Glaucium flavum

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Yellow hornpoppy
Glaucium flavum 2015-06-16 442.JPG
Scientific classification
Kingdom: Plantae
(unranked): Angiosperms
(unranked): Eudicots
Order: Ranunculales
Family: Papaveraceae
Genus: Glaucium
Species: G. flavum
Binomial name
Glaucium flavum
Crantz
Synonyms[1]
  • Chelidonium fulvum Poir.
  • Chelidonium glaucium L.
  • Chelidonium glaucum Hill
  • Chelidonium littorale Salisb.
  • Glaucium corniculatum var. braunianum Kuntze
  • Glaucium corniculatum var. flavum (Crantz) Kuntze
  • Glaucium corniculatum var. fulvum (Sm.) Kuntze
  • Glaucium corniculatum f. grandiflorum Kuntze
  • Glaucium corniculatum var. mauritanicum Kuntze
  • Glaucium corniculatum f. sublobatum Kuntze
  • Glaucium corniculatum var. tricolor (Godr.) Kuntze
  • Glaucium fischeri Bernh.
  • Glaucium flavum var. fulvum (Sm.) Fedde
  • Glaucium flavum f. obtusilobum Fedde
  • Glaucium flavum var. plenum Halácsy
  • Glaucium flavum var. serpieri (Heldr.) Halácsy
  • Glaucium flavum f. subleiocarpum Kuzmanov & Gegova
  • Glaucium fulvum Sm.
  • Glaucium glaucium (L.) H.Karst. [Invalid]
  • Glaucium glaucum Moench
  • Glaucium littorale Salisb.
  • Glaucium luteum Crantz [Illegitimate]
  • Glaucium luteum Scop.
  • Glaucium luteum var. glabratum Willk. & Lange
  • Glaucium luteum var. vestitum Willk. & Lange
  • Glaucium maculatum Szov.
  • Glaucium richardsonii Bernh. ex Fedde
  • Glaucium serpieri Heldr.
  • Glaucium tricolor Godr. [Illegitimate]
  • Papaver cornutum Garsault [Invalid]
Glaucium flavumMHNT

Glaucium flavum (yellow hornpoppy, sea-poppy or yellow horned poppy) is a summer flowering plant in the Papaveraceae family, it is native to Northern Africa, Macronesia, temperate zones in Western Asia and the Caucasus, as well as Europe. The plant grows on the seashore and is never found inland. All parts of the plant, including the seeds, are toxic. It is classed as a noxious weed, in some areas of North America, where it is an introduced species. It is grown in gardens as a short-lived perennial but usually grown as a biennial.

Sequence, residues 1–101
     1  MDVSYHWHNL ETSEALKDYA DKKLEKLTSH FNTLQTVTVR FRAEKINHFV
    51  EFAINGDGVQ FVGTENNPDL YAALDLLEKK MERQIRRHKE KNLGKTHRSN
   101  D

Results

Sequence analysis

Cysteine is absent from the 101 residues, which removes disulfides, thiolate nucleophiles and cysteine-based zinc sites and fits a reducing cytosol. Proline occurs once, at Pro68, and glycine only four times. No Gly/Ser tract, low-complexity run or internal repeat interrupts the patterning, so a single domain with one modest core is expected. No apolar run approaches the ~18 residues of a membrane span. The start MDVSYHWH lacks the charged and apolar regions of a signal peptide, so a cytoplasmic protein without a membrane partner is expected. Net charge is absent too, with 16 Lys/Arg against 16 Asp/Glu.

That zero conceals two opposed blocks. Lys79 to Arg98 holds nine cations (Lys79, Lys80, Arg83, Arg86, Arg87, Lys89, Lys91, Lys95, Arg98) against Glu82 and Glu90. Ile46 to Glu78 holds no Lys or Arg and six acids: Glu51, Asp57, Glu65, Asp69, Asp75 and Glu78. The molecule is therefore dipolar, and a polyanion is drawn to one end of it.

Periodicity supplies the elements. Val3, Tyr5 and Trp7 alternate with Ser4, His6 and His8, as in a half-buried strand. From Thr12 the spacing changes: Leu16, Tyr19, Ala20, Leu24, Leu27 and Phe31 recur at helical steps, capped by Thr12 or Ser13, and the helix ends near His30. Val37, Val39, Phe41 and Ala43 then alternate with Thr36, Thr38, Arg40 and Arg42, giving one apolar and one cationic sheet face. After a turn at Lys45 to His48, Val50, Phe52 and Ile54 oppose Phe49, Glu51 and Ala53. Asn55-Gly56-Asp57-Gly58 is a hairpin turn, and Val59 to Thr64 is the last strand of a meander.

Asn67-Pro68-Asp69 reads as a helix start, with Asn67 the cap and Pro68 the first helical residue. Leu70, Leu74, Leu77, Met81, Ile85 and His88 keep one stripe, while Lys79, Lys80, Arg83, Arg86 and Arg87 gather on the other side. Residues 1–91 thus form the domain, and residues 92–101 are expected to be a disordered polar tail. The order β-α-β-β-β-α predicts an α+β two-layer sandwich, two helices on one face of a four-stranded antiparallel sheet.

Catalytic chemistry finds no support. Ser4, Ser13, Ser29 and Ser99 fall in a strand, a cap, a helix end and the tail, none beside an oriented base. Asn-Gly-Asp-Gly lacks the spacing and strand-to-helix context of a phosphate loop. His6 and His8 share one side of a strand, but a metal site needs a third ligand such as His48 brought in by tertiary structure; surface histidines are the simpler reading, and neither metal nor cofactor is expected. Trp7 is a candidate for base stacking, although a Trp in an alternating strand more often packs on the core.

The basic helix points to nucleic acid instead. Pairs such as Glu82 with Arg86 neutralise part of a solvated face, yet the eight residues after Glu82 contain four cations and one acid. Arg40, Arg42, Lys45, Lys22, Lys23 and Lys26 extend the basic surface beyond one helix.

Description[edit]

It has thick, leathery deeply segmented, wavy, bluish-grey leaves, which are coated in a layer of water-retaining wax. The sepal, petals and stamen have a similar structure and form to the Red Poppy (Papaver rhoeas), except the sepals are not hairy.[2] It grows up to 30–90 cm (12–35 in) tall,[3] on branched, grey stems. It blooms in summer,[4] between June and October.[3][5] It has bright yellow or orange flowers,[4] that are 7.5 cm (3.0 in) across.[3] Later it produces a very long, upright,[4] thin,[3] distinctive horn shaped capsule, which is 15–30 cm (5.9–11.8 in) long. It is divided into two chambers,[2] which split open to reveal the seeds.[3]

Taxonomy[edit]

It was first published and described by Heinrich Johann Nepomuk von Crantz in 'Stirp. Austr. Fasc.' (Stirpium Austriarum) vol.2 on page 131 in 1763.[1][6] The species epithet flavum is Latin for yellow and indicates its flower colour.[7]

It is commonly known as sea-poppy,[8] horned-poppy, and yellow horned-poppy.[9]

G. flavum was verified by United States Department of Agriculture and the Agricultural Research Service on 25 May 1995, then updated on 9 May 2011,[9] and is an accepted name by the Royal Horticultural Society.[4]

Distribution and habitat[edit]

It is native to temperate regions of North Africa, Europe and parts of Western Asia.[9][10]

Range[edit]

Glaucium flavum growing in sand in Spain